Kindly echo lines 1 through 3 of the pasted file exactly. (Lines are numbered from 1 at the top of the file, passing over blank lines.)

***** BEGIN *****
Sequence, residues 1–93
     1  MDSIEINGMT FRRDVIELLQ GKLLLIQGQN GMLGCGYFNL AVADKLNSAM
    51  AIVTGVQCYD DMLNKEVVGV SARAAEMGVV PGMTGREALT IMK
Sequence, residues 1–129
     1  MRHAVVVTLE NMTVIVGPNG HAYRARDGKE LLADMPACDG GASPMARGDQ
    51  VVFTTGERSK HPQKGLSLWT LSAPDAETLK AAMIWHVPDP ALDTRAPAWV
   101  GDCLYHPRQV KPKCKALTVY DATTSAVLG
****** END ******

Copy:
Sequence, residues 1–93
     1  MDSIEINGMT FRRDVIELLQ GKLLLIQGQN GMLGCGYFNL AVADKLNSAM
    51  AIVTGVQCYD DMLNKEVVGV SARAAEMGVV PGMTGREALT IMK